However, it also helped her draw closer to and learn to rely on God. Three days after learning of her father’s execution, Rashin renewed her commitment to God, writing Him a letter promising to follow in her father’s footsteps. His martyrdom had sparked a new flame in her heart.
“At that moment, my Christian faith became more real for me,” Rashin said. “I could feel God’s caring hand, so that made me want to follow this God and this Jesus whom my father wouldn’t deny. I didn’t want to deny God either.”
After Rashin finished high school, she began to look for ways to keep her promise to God. She considered studying psychology with the goal of becoming a counselor, but after much prayer and consideration she decided in 1999 to attend a Bible school in England that offered a program for Iranian students.
After marrying a classmate she met at the Bible college, she began to feel led to take the gospel to Iran. Upon graduation, in 2003, she and her husband moved to Germany and worked among Iranians for three years, before moving to England to serve with a global missions organization. While in England, God led them to work with a church in London, where Rashin’s husband eventually became one of the pastors.
Rashin later helped produce a Christian satellite TV program for Iranian women and also served with a ministry that helped train Iranian women in how to share the gospel inside Iran. Through her work with the Iranian women, she felt God leading her to pursue a degree in Christian counseling.
“I felt that Iranian people who were coming from an Islamic background were bringing all their issues from their Muslim background to their Christian faith,” she said. “When they came to Christ, they were growing in their Christian faith for six months or one year, and after that something was preventing them from growing. I realized it is because of all the wounds they had from their past.”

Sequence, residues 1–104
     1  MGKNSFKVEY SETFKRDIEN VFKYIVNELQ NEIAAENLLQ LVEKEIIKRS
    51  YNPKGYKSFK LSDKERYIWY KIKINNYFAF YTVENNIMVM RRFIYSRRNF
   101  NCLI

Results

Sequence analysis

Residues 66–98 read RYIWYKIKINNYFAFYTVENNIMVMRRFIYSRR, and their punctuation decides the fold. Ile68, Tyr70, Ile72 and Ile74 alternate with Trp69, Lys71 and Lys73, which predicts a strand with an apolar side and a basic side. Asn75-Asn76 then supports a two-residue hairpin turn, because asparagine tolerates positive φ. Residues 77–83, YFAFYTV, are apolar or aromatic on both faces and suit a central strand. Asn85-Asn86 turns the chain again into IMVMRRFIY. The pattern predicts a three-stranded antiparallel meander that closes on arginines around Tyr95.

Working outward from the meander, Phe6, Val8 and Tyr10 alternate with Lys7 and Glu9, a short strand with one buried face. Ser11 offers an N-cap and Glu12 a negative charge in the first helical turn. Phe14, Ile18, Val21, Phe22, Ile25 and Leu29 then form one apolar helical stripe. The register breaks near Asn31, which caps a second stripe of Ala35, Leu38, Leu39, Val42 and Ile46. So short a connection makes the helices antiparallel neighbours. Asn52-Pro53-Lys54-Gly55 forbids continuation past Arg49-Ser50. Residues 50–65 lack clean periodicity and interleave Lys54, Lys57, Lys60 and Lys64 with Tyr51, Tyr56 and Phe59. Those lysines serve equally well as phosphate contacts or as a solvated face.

One of the most rewarding aspects of her counseling work, Rashin said, is ministering to persecuted Christians. She is currently counseling a woman who, like her own father, was imprisoned for leaving Islam; she is thankful that she can use her personal and professional experiences to help this mother of a young child heal from her trauma.
“I love this kind of work,” Rashin said, “getting to know them and hearing their stories and then finding out how I can help them. Sometimes it’s just listening and letting them speak. Sometimes I am just there and the Holy Spirit is at work.”
Now, almost three decades after losing her father, Rashin said she is starting to feel as if she is keeping the promise she made to God. When she considers her father’s legacy, she is reminded of the saying, “The blood of the martyrs is the seed of the Church.”
Iranian house church leaders estimate that anywhere from hundreds of thousands to even a few million Christians currently live in the country, and Rashin believes there are roughly 300 house churches in Mashad alone.
She takes comfort and inspiration from knowing that her father’s bold faith, even in the face of death, helped further God’s kingdom in Iran — and in her own heart.
“I am always saying to people that I am happy that my father didn’t die in an accident or from a disease,” Rashin said. “I am happy that he died for his faith and that he stood for his faith. Now we can see the results.”